When It Is Family

A woman’s sister writes – My sister asked me to care for her baby. The mom signed the form to terminate her parental rights, when her baby was only 2 days old. She had been in a car accident during pregnancy and lost her job. She is now financially stable, has her life together (her baby is only 5 months old now) and wants me to discontinue my adoption process regarding her baby.

The problem is – we don’t want to give her baby back. Is there anything legal – my sister, the baby’s biological mom – can do ? We’re so close to finalizing the adoption, all that is left is the home study. What do we tell our child, when she’s older, about why we refused to give her back to her original mom ?

Just goes to prove, that just because we are siblings born into the same family, once we are adults, all bets are off. I’ve seen it many times in many situations.

One commenter said – I truly can not fathom doing something so obviously horrible and disgusting. The fact that this woman is aware that what she’s doing is wrong because she wants to know what to tell the child (once they get older), well, it just makes it even worse. How incredibly selfish. That poor baby !

Important points not to miss – this women is the mother’s sister ! The baby’s Aunt ! In MANY families …. family members do HELP family members in crisis, to care for their children. Often via a parent-placed, joint custody with the more stable family having primary physical custody. The best thing about this is that there is no need to change the baby’s birth certificate. Any sister could raise her sister’s child appropriately, while calling herself Auntie. In some Indigenous cultures, it is not unusual for a primary caregiver to be called “Auntie” when that person is not the child’s actual mother. A term of endearment for the care given.

An overwhelmed pregnant women in crisis. with poverty related issues of housing, employment, transportation, food and daycare insecurity …. such a woman is easily manipulated into thinking she is not enough. Then in this particular case, add the huge factor of her physical injuries ….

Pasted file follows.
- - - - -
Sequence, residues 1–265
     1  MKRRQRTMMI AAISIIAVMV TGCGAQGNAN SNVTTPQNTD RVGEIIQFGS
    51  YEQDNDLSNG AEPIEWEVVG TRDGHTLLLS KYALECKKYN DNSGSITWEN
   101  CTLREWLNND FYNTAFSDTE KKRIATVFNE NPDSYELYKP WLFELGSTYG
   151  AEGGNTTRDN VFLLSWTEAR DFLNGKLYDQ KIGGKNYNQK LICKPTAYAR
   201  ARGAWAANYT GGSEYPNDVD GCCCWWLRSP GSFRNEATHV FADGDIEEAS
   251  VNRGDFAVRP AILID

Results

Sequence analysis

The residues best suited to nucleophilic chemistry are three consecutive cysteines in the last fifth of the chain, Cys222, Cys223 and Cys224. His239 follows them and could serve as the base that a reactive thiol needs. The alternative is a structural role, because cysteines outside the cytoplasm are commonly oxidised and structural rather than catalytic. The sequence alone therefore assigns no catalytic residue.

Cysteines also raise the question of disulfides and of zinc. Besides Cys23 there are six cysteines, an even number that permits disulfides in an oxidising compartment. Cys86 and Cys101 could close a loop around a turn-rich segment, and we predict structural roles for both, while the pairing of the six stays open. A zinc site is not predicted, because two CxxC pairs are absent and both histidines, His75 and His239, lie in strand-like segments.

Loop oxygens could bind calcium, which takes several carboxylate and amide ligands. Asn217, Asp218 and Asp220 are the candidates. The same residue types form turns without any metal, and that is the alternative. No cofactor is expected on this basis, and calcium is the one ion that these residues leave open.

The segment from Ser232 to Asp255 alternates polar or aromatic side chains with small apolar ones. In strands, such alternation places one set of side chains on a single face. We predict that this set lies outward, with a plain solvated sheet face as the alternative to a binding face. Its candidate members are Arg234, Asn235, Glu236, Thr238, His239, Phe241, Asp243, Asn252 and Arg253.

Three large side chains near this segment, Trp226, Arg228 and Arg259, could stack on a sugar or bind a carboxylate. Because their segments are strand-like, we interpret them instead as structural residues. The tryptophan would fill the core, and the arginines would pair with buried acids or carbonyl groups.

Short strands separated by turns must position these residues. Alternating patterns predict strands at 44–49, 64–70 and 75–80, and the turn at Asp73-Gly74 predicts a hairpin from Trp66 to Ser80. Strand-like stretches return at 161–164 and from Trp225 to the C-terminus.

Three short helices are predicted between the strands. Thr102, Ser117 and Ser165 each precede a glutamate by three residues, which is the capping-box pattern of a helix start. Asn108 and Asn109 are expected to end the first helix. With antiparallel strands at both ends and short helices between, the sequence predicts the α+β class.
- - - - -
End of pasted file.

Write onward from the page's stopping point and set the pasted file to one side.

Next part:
This woman never offered her sister the option of providing temporary care. It was adoption or no help at all. That makes it very easy to see how this situation developed.

Most infants placed in foster care will remain there an average of 15 months with maybe 2 – six month extensions. That this Mom got herself back together in under 6 months is phenomenal. She has maintained contact with her infant and is now in a position to parent her child. Ethically this is a No-Brainer. This woman should definitely reunify her niece with her original mom. Need to tell other children why ? Family helps family. OK, someday you can tell the child that you did miss her living with you but you don’t regret doing the right thing at the time.

5 months is only the blink of an eye in this child’s life. Transitioning this baby as soon as possible back to the child’s original mother is important. Time is of the essence. Do the right thing !!

So often a pregnant woman in temporary crisis is pushed into a permanent solution – and then things get better. Most adult adoptees will counsel such a woman to sincerely try parenting her child first, before surrendering the child to adoption. Many times, this leads to a happy ending for mother and child.

Youth Villages

My husband called my attention to an article at NPR.org – “18 can mean an abrupt exit from foster care. For some, it’s no longer a solo journey.” I already knew somewhat about aging out of foster care and the effects of that.

What attracted my attention was this – Helping young people see that they can have a stable future is the goal of the LifeSet program. Developed in 1999 by the Memphis nonprofit Youth Villages, it is being used today in 18 states and Washington, DC. I appreciate this from their Mission and Values statements – “When at all possible, children belong with their families. We help families provide the support and structure that all children need.”